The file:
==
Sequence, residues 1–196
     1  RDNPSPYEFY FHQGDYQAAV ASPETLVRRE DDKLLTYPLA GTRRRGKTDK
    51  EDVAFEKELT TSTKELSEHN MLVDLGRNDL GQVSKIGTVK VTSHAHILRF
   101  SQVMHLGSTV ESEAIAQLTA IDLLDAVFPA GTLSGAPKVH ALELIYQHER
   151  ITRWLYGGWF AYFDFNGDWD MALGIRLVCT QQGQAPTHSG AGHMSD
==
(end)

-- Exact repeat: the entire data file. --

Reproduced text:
Sequence, residues 1–196
     1  RDNPSPYEFY FHQGDYQAAV ASPETLVRRE DDKLLTYPLA GTRRRGKTDK
    51  EDVAFEKELT TSTKELSEHN MLVDLGRNDL GQVSKIGTVK VTSHAHILRF
   101  SQVMHLGSTV ESEAIAQLTA IDLLDAVFPA GTLSGAPKVH ALELIYQHER
   151  ITRWLYGGWF AYFDFNGDWD MALGIRLVCT QQGQAPTHSG AGHMSD